Genius enough to escape from the solar system on… genial.ly?

Author: Athanasia Zafeiropoulou

A collaborative production on eTwinning project “360 Big European Solar Tour” in the STEM freestyle axis

A “side effect” of COVID19 in education is schools’ closure. As a result, working with students online synchronously through a video conference is a big challenge. Among the issues that need special approaches are:

  • holding students’ interest
  • offering feedback
  • create and support interaction among teacher-students, and teaching material.

Shifting an online classroom to a “gaming platform” is a practice that confronts many of these issues. It boosts the students’ interest and masks the teacher’s aim to provide knowledge.

A well-designed game with a structure based on pedagogical strategies creates a tool easy to use it synchronously or asynchronously. Such strategies are students’ collaborative involvement in the creation of the game, guided search, direct feedback.

Creating the game in the project

The partners in the eTwinning project “360 Big European Solar Tour” have worked on 360 panoramic photos to create games. With the photos, they have presented their classroom, their school, and their town. In addition, there were extra activities in 3 axes:

The schools were grouped in international teams that have a planet’s name. We have used the distances of the planets from the sun to create a scale. Each school had measured its distance from the European Union’s geographical centre in Westerngrund, Germany, where was supposed to be the sun of our teams in the project. According to the school’s distance and to our scale, each school participated in a planet’s team.

Our students on their teams were working on their planet’s forums creating questions on the presentations of their partners. These questions were collected by the administrator of the project to create the games on genial.ly

The STEM game

For the STEM axis of our project, the approach was different. In February, our students had guided web-search in their class and had come up with info for their planet. Students had presented this in a variety of forms (an example is about Uranus in comics) in their planet’s padlet which was tagged on a 360 photo in genial.ly The info that our students had collected was about planets characteristics and about astronomical observations and missions.

An example of a padlet: students in Uranus team share info

The administrator of the project had collected info from these padlets and he has created the game for the STEM axis of our project. The game is a quiz on 4 steps (Levels) with 20 questions about planets’ physical characteristics, satellites, discoveries and exploration.

Playing the game

The next step was to play the game but our schools closed just when the game was ready. Many of the teachers needed time to organize their online classrooms and establish frequent communication with their students. The partner teachers, who had managed this, had played the game with their students online. Students’ comments and photos prove that this was a hit.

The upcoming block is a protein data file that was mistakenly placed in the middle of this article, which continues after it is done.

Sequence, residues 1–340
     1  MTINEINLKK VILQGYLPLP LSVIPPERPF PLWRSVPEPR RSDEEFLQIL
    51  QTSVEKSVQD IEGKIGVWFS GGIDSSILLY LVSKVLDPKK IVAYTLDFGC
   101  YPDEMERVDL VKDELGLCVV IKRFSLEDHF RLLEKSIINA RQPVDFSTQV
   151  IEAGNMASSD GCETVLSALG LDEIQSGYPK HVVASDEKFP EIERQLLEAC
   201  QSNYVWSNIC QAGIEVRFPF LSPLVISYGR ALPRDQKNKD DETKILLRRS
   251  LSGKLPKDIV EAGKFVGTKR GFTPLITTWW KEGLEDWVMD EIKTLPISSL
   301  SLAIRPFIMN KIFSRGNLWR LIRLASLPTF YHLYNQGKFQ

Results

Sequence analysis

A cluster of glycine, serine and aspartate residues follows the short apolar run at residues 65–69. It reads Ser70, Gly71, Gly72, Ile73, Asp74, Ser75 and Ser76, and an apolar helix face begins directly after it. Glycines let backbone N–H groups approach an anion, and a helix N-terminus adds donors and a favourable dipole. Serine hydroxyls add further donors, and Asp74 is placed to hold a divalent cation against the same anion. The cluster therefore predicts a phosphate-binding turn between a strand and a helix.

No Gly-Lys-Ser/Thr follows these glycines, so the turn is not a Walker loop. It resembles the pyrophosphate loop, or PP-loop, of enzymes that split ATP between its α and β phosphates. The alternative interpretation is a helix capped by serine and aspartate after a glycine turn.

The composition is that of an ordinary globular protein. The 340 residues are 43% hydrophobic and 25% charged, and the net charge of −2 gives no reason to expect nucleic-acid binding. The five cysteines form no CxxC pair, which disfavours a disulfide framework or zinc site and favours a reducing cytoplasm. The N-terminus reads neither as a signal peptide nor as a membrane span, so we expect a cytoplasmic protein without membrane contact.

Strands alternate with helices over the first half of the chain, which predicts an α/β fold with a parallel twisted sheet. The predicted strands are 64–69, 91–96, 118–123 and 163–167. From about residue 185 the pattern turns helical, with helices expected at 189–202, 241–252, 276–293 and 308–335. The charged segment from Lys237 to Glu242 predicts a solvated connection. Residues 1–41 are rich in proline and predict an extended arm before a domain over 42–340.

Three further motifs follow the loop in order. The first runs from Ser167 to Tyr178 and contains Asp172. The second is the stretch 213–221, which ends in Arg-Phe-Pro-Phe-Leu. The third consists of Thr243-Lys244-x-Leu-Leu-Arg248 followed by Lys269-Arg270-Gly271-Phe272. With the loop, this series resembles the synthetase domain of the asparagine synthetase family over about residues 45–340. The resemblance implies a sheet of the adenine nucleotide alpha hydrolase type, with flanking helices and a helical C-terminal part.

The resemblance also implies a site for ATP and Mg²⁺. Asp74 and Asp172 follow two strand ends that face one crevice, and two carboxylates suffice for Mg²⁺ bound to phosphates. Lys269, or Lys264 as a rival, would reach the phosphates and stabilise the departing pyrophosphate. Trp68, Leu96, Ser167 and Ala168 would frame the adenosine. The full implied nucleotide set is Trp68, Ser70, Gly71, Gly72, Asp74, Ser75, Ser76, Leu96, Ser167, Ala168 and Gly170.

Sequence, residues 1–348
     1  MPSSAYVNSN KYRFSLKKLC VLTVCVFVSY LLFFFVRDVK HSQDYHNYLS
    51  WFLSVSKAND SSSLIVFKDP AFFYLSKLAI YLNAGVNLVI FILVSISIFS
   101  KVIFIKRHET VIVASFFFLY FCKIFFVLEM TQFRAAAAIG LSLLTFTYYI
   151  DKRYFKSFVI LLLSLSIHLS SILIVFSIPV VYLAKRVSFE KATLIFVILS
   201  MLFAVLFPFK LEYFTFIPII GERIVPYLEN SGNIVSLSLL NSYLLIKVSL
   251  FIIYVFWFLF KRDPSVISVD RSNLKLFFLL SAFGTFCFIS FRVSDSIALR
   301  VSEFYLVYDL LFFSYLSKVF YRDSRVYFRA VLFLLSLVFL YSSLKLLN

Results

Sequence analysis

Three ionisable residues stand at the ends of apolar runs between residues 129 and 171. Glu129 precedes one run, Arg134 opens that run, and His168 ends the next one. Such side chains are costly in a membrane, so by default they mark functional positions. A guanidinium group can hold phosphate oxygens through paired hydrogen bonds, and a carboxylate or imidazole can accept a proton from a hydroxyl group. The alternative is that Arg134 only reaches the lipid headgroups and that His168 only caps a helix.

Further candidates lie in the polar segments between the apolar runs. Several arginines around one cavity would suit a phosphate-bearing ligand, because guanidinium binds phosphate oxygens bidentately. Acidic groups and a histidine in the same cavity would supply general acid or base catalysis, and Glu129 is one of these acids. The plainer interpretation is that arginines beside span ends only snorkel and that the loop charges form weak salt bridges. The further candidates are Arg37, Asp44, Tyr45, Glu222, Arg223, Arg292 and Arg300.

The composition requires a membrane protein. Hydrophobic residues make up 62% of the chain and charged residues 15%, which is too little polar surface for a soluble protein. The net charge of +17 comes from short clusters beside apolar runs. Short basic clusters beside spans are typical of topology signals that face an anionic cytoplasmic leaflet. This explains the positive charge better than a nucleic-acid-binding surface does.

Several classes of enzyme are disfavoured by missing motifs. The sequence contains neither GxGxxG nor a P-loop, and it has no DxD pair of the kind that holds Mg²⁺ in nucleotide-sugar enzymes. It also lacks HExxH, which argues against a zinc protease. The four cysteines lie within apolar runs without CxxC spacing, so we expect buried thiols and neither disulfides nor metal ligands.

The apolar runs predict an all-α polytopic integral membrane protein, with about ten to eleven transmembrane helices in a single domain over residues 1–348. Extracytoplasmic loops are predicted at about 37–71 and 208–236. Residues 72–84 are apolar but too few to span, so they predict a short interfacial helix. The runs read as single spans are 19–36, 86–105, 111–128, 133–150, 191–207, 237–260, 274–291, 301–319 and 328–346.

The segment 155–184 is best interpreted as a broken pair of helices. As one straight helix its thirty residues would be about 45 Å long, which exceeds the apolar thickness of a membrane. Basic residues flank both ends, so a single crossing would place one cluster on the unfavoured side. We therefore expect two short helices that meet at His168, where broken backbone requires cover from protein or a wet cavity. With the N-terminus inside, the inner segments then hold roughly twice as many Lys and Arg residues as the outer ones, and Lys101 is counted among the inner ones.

My class had managed to meet online on 28 April and had played the game, each student on his/her device. The teacher explained the rules and asked the students to share their screens to prove they had finished. After that, students started the game and they were using the chat for comments or to report their progress.

Kostas S. is sharing his screen while he is searching the info on the nodes of the planets to answer a question on “Physical characteristics” level of the game
Stauros has managed the “Satellites” level
Dimitris sharing his screen and comments on chat

The student who managed to finish the game first, shared his final screen while the rest were still working on the game. After some minutes, all had finished and we shared our impressions in chat.

The tricky point on the game is that every time you answer wrong in any of the levels, you return to the starting question of that level. This repetition contributes to the establishment of knowledge and it ensures that our students’ answers were not given randomly.

We invite you to try our game and share it with your students and we would be thankful for some feedback in comments.

1 thought on “Genius enough to escape from the solar system on… genial.ly?

  1. As a physics teacher, I have always been skeptical and suspicious of these oxymoronic activities called “serious games”. Of course I participated during training in “escape games”, I was quite enthusiastic, but what educational interest for students?
    When they document themselves, collect information, pool it to formulate the questions of the game, the results are spectacular in terms of motivation and memorization. The eTwinning platform is a virtual place suitable for learning, collaborating, retaining and also having fun

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